Former Gov. Isidro Zayco approved a P25-million budget to mitigate the impact of the dry spell, mostly for the improvement and rehabilitation of irrigation facilities, while another P1.3 million was earmarked for cloud seeding operations around the province.
He also asked for P59 million from then President Gloria Arroyo as added assistance for the provincial government’s projects to address the problems brought by El Niño.
Farmers, on the other hand, pushed on despite the dry spell, as government and non-government organizations also provided training and strategies to ease the effects of the drought on their production.*PPangilinan
8. MONDIA ASSASSINATED
Seven suspects may have been identified and charged in court for murder, for the killing of former Pulupandan Mayor Luis Mondia, but the mastermind behind his death, which his family linked to politics, appears to have gotten away scot-free.
Mondia, who was running for mayor of Pulupandan in the May 2010 elections against Magdaleno Peña, was gunned down in the presence of his wife and granddaughter as they were leaving the Jaro Cathedral in Iloilo on Ash Wednesday on February 17.
Peña vehemently denied insinuations that he was behind the assassination of his political rival.
The 6th Regional Criminal Investigation and Detection Group, the police unit responsible for the identification and filing of murder charges against the seven suspects before the Iloilo City Prosecutor’s Office, is still gathering more evidence to establish the identity of the mastermind.
Peña, who survived an ambush in Pulupandan on May 30, 2007, had linked the Mondia family to the attempt on his life despite statements from the New People’s Army claiming responsibility for it.
This year, the Department of Justice ordered the withdrawal of the two counts of murder, four counts of frustrated murder and two counts of attempted murder against the slain Mondia, his two sons, brother and several other suspects filed by Peña against them, in connection with his ambush.*GPBayoran
9. ILLEGAL GAMBLING FLOURISHES
No amount of anti-illegal gambling operations of the police has prevented about 15 financiers and operators of “jai-alai” from operating in Bacolod City alone. Claiming that the police is helpless in stopping, if not minimizing illegal gambling operations, a proposal to allow jai-alai franchises in Bacolod City has been filed by a Bacolod councilor.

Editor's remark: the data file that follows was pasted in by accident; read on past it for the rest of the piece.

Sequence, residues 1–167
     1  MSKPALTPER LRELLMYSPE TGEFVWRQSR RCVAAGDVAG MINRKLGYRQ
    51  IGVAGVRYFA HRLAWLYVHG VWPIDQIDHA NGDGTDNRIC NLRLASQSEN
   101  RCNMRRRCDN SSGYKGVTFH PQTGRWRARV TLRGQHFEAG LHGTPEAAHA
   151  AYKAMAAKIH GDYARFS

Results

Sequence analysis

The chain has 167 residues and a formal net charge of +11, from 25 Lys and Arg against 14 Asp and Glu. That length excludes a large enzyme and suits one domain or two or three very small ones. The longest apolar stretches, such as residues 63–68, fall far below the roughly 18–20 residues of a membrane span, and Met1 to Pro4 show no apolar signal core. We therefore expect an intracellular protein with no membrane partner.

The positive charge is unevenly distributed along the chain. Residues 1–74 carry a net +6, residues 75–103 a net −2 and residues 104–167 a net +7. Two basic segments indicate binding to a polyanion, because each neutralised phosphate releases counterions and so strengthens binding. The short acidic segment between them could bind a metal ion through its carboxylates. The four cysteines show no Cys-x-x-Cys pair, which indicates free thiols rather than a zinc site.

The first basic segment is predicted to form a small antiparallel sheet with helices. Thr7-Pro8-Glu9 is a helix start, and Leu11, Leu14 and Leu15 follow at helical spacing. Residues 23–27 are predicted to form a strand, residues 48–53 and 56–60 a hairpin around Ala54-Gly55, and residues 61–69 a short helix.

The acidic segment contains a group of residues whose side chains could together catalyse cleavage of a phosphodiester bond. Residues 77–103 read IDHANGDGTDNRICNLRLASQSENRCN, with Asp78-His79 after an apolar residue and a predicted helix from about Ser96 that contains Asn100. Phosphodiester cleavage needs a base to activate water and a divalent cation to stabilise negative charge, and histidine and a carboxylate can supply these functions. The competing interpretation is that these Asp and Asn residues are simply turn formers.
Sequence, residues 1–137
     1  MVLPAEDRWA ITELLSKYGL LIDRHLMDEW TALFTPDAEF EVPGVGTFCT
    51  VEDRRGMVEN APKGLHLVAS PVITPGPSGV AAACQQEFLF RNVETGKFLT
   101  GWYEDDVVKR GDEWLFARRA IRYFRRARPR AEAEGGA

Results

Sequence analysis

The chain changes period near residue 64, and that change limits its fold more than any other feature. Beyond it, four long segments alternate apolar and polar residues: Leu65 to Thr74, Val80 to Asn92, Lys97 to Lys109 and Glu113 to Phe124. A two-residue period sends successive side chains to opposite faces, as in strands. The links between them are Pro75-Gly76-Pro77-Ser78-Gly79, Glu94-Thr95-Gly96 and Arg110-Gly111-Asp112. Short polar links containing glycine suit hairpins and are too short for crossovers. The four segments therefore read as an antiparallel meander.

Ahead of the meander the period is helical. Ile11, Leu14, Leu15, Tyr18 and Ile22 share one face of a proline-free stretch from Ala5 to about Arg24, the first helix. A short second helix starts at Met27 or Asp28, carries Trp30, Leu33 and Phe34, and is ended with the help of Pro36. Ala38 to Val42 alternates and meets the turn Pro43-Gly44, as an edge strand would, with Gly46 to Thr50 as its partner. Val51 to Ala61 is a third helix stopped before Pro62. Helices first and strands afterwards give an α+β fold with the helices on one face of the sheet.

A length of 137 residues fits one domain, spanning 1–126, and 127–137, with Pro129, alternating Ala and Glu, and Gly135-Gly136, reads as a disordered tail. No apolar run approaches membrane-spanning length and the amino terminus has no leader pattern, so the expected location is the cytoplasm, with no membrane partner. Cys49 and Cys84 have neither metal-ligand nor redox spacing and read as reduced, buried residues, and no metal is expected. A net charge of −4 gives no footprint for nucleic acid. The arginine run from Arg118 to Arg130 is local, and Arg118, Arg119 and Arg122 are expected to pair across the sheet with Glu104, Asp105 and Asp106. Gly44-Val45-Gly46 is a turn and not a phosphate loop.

There are two jai-alai betting stations already operating in Escalante City and Calatrava town, the business permits for which were granted by their local government units. Bacolod Mayor Evelio Leonardia, however, is not inclined to support the legalization of jai-alai in Bacolod City, contrary to the stand of other local government executives.
There are reports that some local government executives and even police officials are in cahoots with the financiers of illegal gambling and serve as their protectors.
However, they remain unsubstantiated until now.
Senior Supt. Celestino Guara, Bacolod police chief, is also under fire from his critics, for his failure to stamp out illegal gambling.
The Police Regional Office 6 and the Negros Occidental Police
Provincial Office have created anti-illegal gambling task forces. But sad to say, policemen merely arrested only bet solicitors, and not even a single financier, so far.*GPBayoran
10. NEGROS FIRST
Drawing up “Negros First” as a roadmap to guide his administration, and “teamplay” to achieve it, Negros Occidental Gov. Alfredo Marañon Jr., on assuming the governorship in 2010, focused on optimum health care and food security, and allotted P489 million to fuel efforts towards reducing poverty in the countryside.
The provincial government, by December 2010, has shelled out P38.5 million in premiums for over 70,000 indigent Negrenses under the PhilHealth-sponsored program, and registered a total of 7,934 residents under the Negros Occidental Comprehensive Health Program that seeks to give comprehensive health care to Negrenses, to answer for the excess in their medical expenses.
By the end of the year, 17 persons have been benefitted by the NOCHP, accounting for about P128,000 in actual expenses.
Over P46 million was also spent for the renovation, expansion and upgrading of district hospitals under the first 100 days of the Marañon administration, while P11.43 million was allocated for the purchase of medical, dental and laboratory supplies and equipment. The bulk of these hospital development and procurement of medical supplies will take place in 2011, the Economic Enterprise and Development office of the province said.
Through the Negros First development agenda, Marañon said he wants Negros to be known as the “First Organic Island” in the country.
On food security, the province has strengthened its livestock industry through the procurement of 100 heads Brahman cattle from Saranggani; and 70 heads pregnant Holstein Fresian Sahiwal cattle from New Zealand for breeding, fattening and dairy programs.
The province likewise allotted P20 million for certified rice and hybrid corn seeds, and fertilizer for farmers, pegging at 95 percent the rice sufficiency level of the province, despite the climatic challenges.*GCTejida